Now Showing: For the past 19 years, the Centre Cinéma Impérial has hosted the annual Montreal World Film Festival, where movies from more than 70 countries are shown every summer (Gus Van Sant’s Drugstore Cowboy and Quentin Tarantino’s Reservoir Dogs both premiered here; more recently, so did the 2009 Oscar-winning foreign film Departures). The building’s original bones are still intact, but the interiors have been restructured: now the theater has 819 plush red armchairs imported from Europe and top-notch technical equipment including a 12,800-watt, 7-channel sound system (with 60 speakers) and LED sound pickups.
Metro BIG Cinema Mumbai, India
Original Debut: Metro-Goldwyn-Mayer—the studio behind The Wizard of Oz, Ben-Hur, and the lion that roars before every feature—built the Metro Cinema in 1938. Thomas Lamb designed the building, which had all the accoutrements of stateside versions: a marble Art Deco foyer; murals done by local art students; and pink-and-red-hued floors, walls, and ceilings.
Now Showing: The theater is currently owned by BIG Cinemas, the largest movie theater chain in India (20 million people are expected to watch a film there this year). Known for its Bollywood bent, the building has been updated and remodeled, mostly keeping its 1930s inspiration (though not in the restrooms, where LCD screens flash the latest trailers and film trivia).
Coliseum Theater Kuala Lumpur, Malaysia
Original Debut: Built in 1921 by Chua Cheng Bok, a Chinese immigrant who’d worked himself to riches in the Malaysian tin mines, the Art Deco–style theater had an interior meant to mimic the design of a Roman coliseum, with 828 seats and an overhanging balcony known as the “first class” section.
Now Showing: Bollywood films are rife here and so well attended that in 2006, when the Malaysian government announced plans to turn the Coliseum Theater into a cultural center, outcry from the public nipped the idea solidly in the bud. According to Sofie Abu, manager of the theater, despite the proliferation of nearby Cineplexes playing Western movies, the Coliseum (which has a lemon-candy stall and a florist shop in its lobby) is still the number one theater in Malaysia.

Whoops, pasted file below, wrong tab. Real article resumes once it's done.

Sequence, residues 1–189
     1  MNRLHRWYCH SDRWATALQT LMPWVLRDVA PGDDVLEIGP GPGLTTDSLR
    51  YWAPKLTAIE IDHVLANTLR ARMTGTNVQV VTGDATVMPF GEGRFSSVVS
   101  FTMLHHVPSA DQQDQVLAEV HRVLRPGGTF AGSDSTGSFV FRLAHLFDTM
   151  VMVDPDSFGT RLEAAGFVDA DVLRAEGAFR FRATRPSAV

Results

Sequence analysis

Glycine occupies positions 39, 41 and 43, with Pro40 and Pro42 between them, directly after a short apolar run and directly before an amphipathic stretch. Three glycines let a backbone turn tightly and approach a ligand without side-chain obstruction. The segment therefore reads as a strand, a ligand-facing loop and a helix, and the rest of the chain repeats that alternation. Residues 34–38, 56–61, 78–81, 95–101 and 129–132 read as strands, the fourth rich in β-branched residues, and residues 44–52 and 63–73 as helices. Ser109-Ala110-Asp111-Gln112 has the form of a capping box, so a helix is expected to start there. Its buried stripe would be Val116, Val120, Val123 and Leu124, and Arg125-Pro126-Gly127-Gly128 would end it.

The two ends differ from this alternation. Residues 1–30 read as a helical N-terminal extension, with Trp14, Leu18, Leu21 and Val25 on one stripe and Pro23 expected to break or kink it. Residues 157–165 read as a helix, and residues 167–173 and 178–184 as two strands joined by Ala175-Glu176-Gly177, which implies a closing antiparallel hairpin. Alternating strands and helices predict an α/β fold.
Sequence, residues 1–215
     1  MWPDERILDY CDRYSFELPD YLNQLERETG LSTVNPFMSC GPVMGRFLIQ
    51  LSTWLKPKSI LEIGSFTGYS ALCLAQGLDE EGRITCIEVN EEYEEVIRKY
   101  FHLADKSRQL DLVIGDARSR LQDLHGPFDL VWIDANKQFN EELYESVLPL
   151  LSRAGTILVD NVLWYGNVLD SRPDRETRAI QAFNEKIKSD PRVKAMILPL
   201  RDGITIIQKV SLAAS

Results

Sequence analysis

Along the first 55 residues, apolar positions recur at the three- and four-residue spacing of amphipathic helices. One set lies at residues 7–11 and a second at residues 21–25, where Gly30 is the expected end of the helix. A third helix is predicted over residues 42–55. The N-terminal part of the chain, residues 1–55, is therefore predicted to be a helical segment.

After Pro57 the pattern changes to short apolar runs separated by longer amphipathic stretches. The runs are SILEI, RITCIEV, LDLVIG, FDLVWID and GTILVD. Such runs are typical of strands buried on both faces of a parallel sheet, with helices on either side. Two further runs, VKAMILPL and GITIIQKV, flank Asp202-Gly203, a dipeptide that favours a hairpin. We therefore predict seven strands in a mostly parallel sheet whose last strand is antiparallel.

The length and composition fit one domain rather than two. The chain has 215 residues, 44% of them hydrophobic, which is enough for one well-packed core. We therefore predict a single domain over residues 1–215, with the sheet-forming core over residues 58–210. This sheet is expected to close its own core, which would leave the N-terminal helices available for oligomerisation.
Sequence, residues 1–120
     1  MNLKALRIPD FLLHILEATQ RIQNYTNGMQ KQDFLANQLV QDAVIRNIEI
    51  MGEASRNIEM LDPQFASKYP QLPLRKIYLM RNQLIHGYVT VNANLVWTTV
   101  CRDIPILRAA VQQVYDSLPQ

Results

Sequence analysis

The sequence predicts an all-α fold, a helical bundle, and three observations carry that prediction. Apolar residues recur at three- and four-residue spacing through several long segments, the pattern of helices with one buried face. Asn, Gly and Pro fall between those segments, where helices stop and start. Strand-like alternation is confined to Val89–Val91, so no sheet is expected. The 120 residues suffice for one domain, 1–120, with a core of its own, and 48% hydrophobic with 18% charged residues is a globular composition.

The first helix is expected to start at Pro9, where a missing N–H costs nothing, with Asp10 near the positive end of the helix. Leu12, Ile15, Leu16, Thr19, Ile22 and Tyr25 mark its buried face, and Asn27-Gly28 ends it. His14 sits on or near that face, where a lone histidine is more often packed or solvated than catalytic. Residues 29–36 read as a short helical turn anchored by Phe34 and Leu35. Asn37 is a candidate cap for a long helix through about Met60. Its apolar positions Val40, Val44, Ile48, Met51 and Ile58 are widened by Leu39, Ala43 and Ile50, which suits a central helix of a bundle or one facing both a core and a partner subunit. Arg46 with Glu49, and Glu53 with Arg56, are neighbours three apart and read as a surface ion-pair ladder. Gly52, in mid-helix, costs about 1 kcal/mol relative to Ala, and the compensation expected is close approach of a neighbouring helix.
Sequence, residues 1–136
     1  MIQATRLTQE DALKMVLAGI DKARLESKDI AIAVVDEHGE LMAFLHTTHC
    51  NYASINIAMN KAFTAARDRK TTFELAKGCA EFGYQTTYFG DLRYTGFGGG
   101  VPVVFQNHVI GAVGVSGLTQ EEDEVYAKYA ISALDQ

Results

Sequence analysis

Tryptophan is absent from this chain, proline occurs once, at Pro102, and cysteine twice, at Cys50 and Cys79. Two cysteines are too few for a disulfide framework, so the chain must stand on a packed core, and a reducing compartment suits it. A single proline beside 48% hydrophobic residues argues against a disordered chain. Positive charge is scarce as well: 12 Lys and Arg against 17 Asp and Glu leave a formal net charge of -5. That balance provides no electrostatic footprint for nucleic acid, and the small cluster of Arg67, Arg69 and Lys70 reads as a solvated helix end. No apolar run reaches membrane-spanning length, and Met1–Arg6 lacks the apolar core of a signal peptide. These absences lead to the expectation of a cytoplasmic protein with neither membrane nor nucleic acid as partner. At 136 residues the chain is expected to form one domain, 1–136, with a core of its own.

The Phoenix Cinema London, U.K.
Original Debut: The Art Deco–style, 255-seat Phoenix originally opened as the East Finchley Picturedrome, with the tagline, “the world’s finest picture plays.” It has shown films nonstop ever since, even during WWII, when it was used as a makeshift home for evacuees from coastal towns (among them were 80 schoolchildren, whom county inspectors were aghast to find filling the front rows for a screening of a horror movie).
Now Showing: Owned by a North London charitable trust, the Phoenix shows independent films and the occasional classic (1963’s Le Mépris, featuring Brigitte Bardot, is forthcoming). The concession still serves locally baked lemon-poppyseed cakes; and in-house projectionist Peter Bayley, who’s worked in the theater since 1960, recently received an MBE (Members of the Order of the British Empire) for his service to the film industry.
Grauman’s Chinese Theatre Los Angeles, California
Original Debut: In 1927, theater developer Sid Grauman set out to do no less than create the most opulent movie palace the world had ever known. America’s fascination with the Orient led him to adopt a Chinese theme, with authentic temple bells and pagodas imported from the country itself and a 90-foot-high entryway guarded by a giant hand-carved dragon.
Now Showing: Some four million annual visitors still come to pay their respects to the theater’s glitzy Chinese statuary, copper-topped turrets, and infamous Walk of Fame (where Marilyn Monroe’s delicate pump-prints, Brad Pitt’s handprints, and scores of others are preserved in the cement outside). Its iconic status makes it a shoo-in for film premieres (He’s Just Not That Into You, The Wrestler, and Che all had their first showings there).